From The YouTube Music Video Archives: Étude Opus 10 no. 11, by Frédéric Chopin

There are lines of connection between all genres of artistic creation, not the least of which is literature and music. In the tradition of ancient Greece they were one and the same, since even the Odyssey was performed to the accompaniment of a lyre (recall the performances of the bards Phemius and Demodocus within the poem). Some of my favorite contemporary writers refer to composers in their books, and it’s been a good way of learning about pieces that I hadn’t known previously. Auden is one of the authors most knowledgeable about opera, and wrote several librettos, including The Rake’s Progress by Igor Stravinsky. Beethoven isn’t just referenced, but is important to the plot (or is at least himself an important leitmotif) in several novels by Milan Kundera.

Music is certainly an important component of Percy’s novels; for me the most telling sentence is from The Moviegoer, when Binx Bolling says, “I listened to the lovely tunes of Mahler and felt a very sickness in my soul. Now I pursue money and on the whole feel better.” (p. 196) I started listening to Mahler because of this sentence, so I can actually blame Percy for a very sickness in my soul. And while I’m at it, I’d like to add that there’s something decidedly Mahler-like about Percy’s novels: all those dead children. Mahler famously wrote the Kindertotenlieder (“Songs on the Death of Children”, based on poems by Friedrich Rückert) four years before his daughter Maria died. Mahler was also a convert to Catholicism. Perhaps I should write “Percy was also” – I don’t think it’s at all a stretch to note this influence of Mahler on Percy. Even in his last novel, The Thanatos Syndrome, children suffer horribly. I’ll find some of the Kindertotenlieder for next week.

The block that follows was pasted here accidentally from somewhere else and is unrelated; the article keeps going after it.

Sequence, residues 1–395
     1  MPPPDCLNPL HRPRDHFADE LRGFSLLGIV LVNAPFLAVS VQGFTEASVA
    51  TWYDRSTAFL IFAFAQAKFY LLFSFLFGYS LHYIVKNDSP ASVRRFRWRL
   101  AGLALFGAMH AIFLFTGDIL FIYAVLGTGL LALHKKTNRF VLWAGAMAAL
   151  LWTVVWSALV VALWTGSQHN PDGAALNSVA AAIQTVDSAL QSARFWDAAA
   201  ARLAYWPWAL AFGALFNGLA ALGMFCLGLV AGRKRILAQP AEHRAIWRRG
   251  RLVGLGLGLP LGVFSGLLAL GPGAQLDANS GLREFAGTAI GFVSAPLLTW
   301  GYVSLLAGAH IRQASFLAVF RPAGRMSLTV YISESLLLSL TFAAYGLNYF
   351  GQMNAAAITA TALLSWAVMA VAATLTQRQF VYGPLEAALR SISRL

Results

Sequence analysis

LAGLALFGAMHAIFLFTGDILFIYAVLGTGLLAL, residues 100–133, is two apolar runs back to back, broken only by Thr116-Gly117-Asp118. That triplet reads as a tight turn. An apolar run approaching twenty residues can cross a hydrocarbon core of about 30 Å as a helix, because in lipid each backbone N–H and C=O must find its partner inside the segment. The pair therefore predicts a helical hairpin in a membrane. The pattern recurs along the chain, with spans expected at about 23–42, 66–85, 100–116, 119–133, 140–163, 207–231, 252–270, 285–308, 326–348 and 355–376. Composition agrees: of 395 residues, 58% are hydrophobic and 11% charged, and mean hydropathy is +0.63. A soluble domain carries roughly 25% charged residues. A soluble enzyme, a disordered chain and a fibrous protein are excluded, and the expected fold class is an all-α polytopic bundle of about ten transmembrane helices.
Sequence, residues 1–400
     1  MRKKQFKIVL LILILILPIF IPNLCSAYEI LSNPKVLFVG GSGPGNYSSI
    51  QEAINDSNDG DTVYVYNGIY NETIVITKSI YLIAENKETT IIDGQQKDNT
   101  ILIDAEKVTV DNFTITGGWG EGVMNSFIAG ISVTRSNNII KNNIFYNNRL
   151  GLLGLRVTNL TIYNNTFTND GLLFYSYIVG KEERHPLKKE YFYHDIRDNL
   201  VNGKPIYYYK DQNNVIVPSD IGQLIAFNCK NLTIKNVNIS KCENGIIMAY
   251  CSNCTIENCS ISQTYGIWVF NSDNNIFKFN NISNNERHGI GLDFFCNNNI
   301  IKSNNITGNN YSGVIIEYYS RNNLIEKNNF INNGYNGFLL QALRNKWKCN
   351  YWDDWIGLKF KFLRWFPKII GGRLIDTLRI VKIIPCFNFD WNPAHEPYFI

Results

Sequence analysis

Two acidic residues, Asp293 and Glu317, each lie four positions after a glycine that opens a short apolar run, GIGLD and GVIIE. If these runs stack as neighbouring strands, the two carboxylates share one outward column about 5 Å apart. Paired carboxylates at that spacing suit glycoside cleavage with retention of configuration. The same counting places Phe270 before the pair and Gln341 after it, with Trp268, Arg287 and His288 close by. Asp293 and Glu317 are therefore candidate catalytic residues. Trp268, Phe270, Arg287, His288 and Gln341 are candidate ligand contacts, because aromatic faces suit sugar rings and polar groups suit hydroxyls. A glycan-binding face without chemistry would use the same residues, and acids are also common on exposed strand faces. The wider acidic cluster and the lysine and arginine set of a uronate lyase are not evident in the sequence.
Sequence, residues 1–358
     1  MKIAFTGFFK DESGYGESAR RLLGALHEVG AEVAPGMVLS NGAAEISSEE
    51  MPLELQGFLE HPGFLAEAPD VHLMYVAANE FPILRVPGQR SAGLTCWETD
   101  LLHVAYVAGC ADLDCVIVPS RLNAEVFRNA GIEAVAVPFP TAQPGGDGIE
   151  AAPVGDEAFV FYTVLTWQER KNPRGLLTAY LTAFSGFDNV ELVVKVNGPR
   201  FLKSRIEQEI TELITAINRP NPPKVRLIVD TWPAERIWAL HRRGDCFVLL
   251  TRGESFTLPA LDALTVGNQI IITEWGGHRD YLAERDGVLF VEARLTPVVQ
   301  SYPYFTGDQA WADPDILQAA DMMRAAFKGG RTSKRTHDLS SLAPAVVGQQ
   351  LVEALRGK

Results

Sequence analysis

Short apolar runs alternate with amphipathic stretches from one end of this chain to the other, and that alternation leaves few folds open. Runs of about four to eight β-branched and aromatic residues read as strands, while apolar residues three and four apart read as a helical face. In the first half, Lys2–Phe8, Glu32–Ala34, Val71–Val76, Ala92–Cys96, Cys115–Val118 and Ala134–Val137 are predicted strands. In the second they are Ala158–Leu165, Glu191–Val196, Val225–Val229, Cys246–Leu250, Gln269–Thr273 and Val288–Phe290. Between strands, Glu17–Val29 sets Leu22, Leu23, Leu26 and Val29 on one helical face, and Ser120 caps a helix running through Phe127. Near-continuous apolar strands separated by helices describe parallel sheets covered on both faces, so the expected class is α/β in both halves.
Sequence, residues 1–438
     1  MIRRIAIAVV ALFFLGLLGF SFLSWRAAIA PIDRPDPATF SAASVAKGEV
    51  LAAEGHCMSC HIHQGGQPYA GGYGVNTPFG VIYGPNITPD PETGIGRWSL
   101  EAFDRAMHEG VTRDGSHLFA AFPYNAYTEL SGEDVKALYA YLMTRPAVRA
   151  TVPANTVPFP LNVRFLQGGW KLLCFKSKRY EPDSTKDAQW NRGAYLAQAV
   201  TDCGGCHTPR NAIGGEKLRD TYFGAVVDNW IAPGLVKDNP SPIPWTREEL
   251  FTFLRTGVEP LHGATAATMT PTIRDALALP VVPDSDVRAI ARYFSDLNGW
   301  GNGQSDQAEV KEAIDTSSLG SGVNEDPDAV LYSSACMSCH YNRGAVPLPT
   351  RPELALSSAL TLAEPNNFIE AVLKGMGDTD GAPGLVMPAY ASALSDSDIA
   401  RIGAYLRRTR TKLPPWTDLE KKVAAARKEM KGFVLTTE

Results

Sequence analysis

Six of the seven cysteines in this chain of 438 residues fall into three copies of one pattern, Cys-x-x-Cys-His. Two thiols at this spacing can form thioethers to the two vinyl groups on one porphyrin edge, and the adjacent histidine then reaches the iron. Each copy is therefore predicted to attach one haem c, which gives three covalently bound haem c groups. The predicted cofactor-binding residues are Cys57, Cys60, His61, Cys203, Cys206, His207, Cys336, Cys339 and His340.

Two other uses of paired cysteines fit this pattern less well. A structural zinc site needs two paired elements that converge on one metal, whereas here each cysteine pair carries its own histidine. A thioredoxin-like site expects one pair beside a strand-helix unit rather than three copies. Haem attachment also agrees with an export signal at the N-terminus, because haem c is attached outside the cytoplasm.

There’s a connection between Auden and Percy here as well, since both were close readers of Kierkegaard and no doubt adopted the Dane’s view of music as the apogee of the aesthetic sphere and adapted it for their own needs.

The piece in this video was referenced in The Moviegoer on page 47:

We talk, my aunt and I, in our old way of talking, during pauses in the music. She is playing Chopin. She does not play very well; her fingernails click against the keys. But she is playing one of our favorite pieces, the E-flat Étude. In recent years I have become suspicious of music. When she comes to a phrase which once united us in a special bond and to which I once opened myself as meltingly as a young girl, I harden myself.

Wikipedia has a good introduction to études here.

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